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Top US delegation arrives in Burma


A 22-member US delegation including senior military officials has arrived in Burma to attend a human rights dialogue conference and meet with government officials.

US Army Pacific Commander Lt. Gen. Francis Wiercinski speaks at the opening ceremony of the 36th Annual Pacific Armies Management Seminar in Canberra, Australia, on July 16, 2012. Photo: U.S. Army
US Army Pacific Commander Lt. Gen. Francis Wiercinski speaks at the opening ceremony of the 36th Annual Pacific Armies Management Seminar in Canberra, Australia, on July 16, 2012. Photo: U.S. Army
Observers said the purpose of the trip was also to try to move the Burmese military to strongly support democratic reforms and peacemaking efforts in ethnic regions.

The delegation will attend the first bilateral Human Rights Dialogue, which reflects the US dministration’s whole-of-government approach to the promotion of human rights and the rule of law, oficials said.

The delegation is led by Assistant Secretary of State for Democracy, Human Rights, and Labor Michael Posner and includes senior representatives from the White House National Security Staff, the Office of the Vice President, the Department of Homeland Security, the U.S. Agency for International Development, and the Department of Defense.

The dialogue will cover a range of human rights-related issues, including the rule of law; protection of civilian populations in conflict areas; business, labor, and economic development; freedom of expression; religious freedom; criminal justice and political prisoners; and human rights and the military.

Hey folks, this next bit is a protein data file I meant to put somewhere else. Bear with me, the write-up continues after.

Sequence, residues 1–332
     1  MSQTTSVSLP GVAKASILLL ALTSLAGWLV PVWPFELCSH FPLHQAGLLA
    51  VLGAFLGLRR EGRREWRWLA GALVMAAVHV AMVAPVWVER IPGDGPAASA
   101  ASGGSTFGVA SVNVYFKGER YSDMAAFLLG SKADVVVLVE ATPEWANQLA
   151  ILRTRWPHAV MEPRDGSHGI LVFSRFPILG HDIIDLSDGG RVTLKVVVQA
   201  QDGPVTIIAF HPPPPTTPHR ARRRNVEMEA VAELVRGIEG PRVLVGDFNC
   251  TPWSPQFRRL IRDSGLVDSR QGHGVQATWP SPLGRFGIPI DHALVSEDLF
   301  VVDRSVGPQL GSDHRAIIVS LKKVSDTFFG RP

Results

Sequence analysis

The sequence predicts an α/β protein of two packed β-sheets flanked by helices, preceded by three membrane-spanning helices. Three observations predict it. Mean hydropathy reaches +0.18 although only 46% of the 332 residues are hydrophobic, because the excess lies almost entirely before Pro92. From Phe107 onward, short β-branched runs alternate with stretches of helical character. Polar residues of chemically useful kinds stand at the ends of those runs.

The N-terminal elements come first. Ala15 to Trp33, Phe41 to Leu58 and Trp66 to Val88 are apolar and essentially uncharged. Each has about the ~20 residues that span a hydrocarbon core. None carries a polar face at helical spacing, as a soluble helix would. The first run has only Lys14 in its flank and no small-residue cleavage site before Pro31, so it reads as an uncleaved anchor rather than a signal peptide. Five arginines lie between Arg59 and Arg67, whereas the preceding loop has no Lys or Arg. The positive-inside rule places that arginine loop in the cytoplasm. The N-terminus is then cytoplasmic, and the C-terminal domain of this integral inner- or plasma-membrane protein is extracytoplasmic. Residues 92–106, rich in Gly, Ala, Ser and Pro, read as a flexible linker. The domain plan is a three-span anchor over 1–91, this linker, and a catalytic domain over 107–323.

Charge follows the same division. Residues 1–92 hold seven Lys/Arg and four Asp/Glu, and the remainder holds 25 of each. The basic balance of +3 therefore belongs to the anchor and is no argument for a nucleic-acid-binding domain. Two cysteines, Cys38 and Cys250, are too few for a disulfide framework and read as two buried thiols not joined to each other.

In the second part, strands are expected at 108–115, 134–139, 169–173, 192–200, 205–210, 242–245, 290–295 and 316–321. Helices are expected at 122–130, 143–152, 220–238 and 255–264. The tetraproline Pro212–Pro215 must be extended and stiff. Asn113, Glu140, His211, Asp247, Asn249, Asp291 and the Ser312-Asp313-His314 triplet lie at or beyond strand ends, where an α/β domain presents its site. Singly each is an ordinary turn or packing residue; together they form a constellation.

The delegation includes Lt. Gen Francis Wiercinski, the head of the US Army’s Pacific command, and the visit reflected the growing view in Washington that the support of Burma’s military is essential to any lasting reforms or peace agreements with ethnic minorities, according to a story on the Financial Times website on Monday.

Recently, Burma asked Thailand to help secure US support for its participation in US-Thai Cobra Gold joint military exercises.

Other delegation officials include Vikram Singh, the deputy assistant secretary of defense for East Asia, Derek Mitchell, the US ambassador to Burma, and other senior officials from the state department, National Security Council, homeland security department and USAid.

They are due to meet Burma’s President Thein Sein and Min Aung Hlaing, the commander-in-chief of the military, and other senior officials.

Besides government officials, the delegation will meet leaders of ethnic groups including Rohingya Muslims and Rakhine Buddhists from the western coastal state of Rakhine (formerly Arakan).

They will also meet trade unions and religious groups, as well as members of Aung SanSuu Kyi’s National League for Democracy and Generation ‘88, a group of former political prisoners.

In a recent report, the Washington-based Centre for Strategic and International Studies suggested that the US should start bilateral programmes of training and exchange visits as a precursor to normalizing military relations.

 “This visit makes perfect sense,” said Thant Myint-U, who is involved in the government’s peace efforts, told The Financial Times. “It would be counterproductive for the peace process to proceed without involving Myanmar’s military.”

Meanwhile, US Deputy Secretary of State William Burns is also visiting Burma to consult with officials.
Last Updated ( Tuesday, 16 October 2012 14:39 )  

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